Working with students from Spain, Ghana and Brazil led to some contrasting opinions and views on various subject matters, however the overwhelming consensus was that the transition had to phase out fossil fuels as soon as possible, acknowledging the need to sacrifice living standards in order to allow this rapid transition to happen. It is reassuring to know that despite our cultural differences, we all share the same view that action must be taken immediately, and we must undergo a process of degrowth to cut further emissions and keep temperature rises to a minimum to avert catastrophic climate change.

All in all, this course excelled at bringing like-minded inquisitive individuals together from a diversity of cultures and backgrounds to discuss the most pressing technological, political and ethical challenge humanity has ever faced. It’s admittedly a very frightening time to be a young person, but its undeniable that the times ahead present humanity with a chance to reach a new age in technological and cognitive ability and will allow for multi-national cooperation like the world has never seen before. I would like to thank the Worldwide Universities Network, the University of Alberta and everybody involved for making this incredible experience a possibility!

------------------------------
This blog is written by University of Bristol engineering student Kieran Tait. It’s fantastic to hear Kieran’s passion and enthusiasm for combating the climate crisis we are facing through engineering and renewable energy solutions. This is something that the University is highly committed to and this year world-leading renewable energy expert Andrew Garrad will be joining the Faculty as a visiting professor to enhance our teaching of sustainable energy not only to our engineering undergraduates but to students across the University. This blog has been reposted with kind permission from Kieran and the Faculty of Engineering blog. View the original post.

Popular posts from this blog

Powering the economy through the engine of Smart Local Energy Systems

How can the Government best retain key skills and re-skill and up-skill the UK workforce to support the recovery and sustainable growth? This summer the UK’s Department for Business, Energy and Industrial Strategy (BEIS) requested submission of inputs on Post-Pandemic Economic Growth. The below thoughts were submitted to the BEIS inquiry as part of input under the EnergyREV project . However, there are points raised here that, in the editing and summing up process of the submission, were cut out, hence, this blog on how the UK could power economic recovery through Smart Local Energy Systems (SLES). 1. Introduction: Factors, principles, and implications In order to transition to a sustainable and flourishing economy from our (post-)COVID reality, we must acknowledge and address the factors that shape the current economic conditions. I suggest to state the impact of such factors through a set of driving principles for the UK’s post-COVID strategy. These factors are briefly explained belo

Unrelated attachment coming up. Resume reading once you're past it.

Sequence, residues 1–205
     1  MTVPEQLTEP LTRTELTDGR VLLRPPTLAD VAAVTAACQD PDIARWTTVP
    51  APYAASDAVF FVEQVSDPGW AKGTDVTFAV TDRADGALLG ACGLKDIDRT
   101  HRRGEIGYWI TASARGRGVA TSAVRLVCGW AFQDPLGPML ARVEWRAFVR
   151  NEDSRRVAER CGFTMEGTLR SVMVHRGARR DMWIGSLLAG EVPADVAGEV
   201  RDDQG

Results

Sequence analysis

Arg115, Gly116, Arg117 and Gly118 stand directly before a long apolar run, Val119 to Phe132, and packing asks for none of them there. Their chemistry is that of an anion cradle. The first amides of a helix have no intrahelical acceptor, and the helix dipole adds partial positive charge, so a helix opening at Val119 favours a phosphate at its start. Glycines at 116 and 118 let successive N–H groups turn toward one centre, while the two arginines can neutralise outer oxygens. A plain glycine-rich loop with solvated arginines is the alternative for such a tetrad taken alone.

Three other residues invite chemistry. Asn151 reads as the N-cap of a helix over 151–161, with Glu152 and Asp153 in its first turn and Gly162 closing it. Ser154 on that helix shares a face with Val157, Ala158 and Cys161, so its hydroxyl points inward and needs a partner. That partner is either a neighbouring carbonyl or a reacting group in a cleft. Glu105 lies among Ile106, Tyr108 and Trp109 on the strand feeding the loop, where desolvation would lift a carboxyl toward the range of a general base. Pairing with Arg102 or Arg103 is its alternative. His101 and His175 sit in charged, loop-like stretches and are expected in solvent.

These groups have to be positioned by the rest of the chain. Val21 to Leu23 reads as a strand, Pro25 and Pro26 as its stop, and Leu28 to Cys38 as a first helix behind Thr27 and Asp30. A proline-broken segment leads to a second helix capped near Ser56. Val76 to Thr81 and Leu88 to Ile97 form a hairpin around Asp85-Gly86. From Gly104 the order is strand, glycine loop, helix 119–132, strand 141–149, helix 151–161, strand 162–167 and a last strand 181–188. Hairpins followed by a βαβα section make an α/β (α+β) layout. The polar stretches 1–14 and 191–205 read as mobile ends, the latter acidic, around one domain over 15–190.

Farming in the Páramos of Boyacá: industrialisation and delimitation in Aquitania

Labourers harvest ‘cebolla larga’ onion in Aquitania. Image credit: Lauren Blake. In October and November 2019 Caboteer  Dr Lauren Blake  spent time in Boyacá, Colombia, on a six-week fieldtrip to find out about key socio-environmental conflicts and the impacts on the inhabitants of the páramos, as part of the historical and cultural component of her research project, POR EL Páramo . Background information about the research can be found in the earlier blog on the project website . Descending down the hill in the bus from El Crucero, the pungent smell of cebolla larga onion begins to invade my nose. The surrounding land transforms into plots of uniform rows of onion tops at various stages of growth, some mostly brown soil with shoots poking out along the ridges, others long, bushy and green. Sandwiched between the cloud settled atop the mountainous páramos and the vast, dark blue-green Lake Tota, all I can see and all I can smell is onion production. Sprinklers are scattered around, dr

IncrEdible! How to save money and reduce waste

The new academic year is a chance to get to grips with managing your student loan and kitchen cupboards. Over lockdown the UK wasted a third less food than we usually would. This is brilliant, as normally over 4.5 million tonnes of edible food is wasted from UK homes every year. For students, it’s even higher. The average cost of food waste per student per week is approximately £5.25 - that's about £273 per year !  It’s not just our bank accounts that are affected by food waste – it’s our planet too. The process of growing, making, distributing, storing and cooking our food uses masses of energy, fuel and water. It generates 30% of the world’s CO₂ greenhouse gas emissions. The same amount of CO₂ as 4.6 million return flights from London to Perth, Australia! So it makes sense to keep as much food out of the bin as possible, start wasting less and saving more.  Start the new term with some food waste busting, budget cutting, environment loving habits! Here’s five easy ways to reduce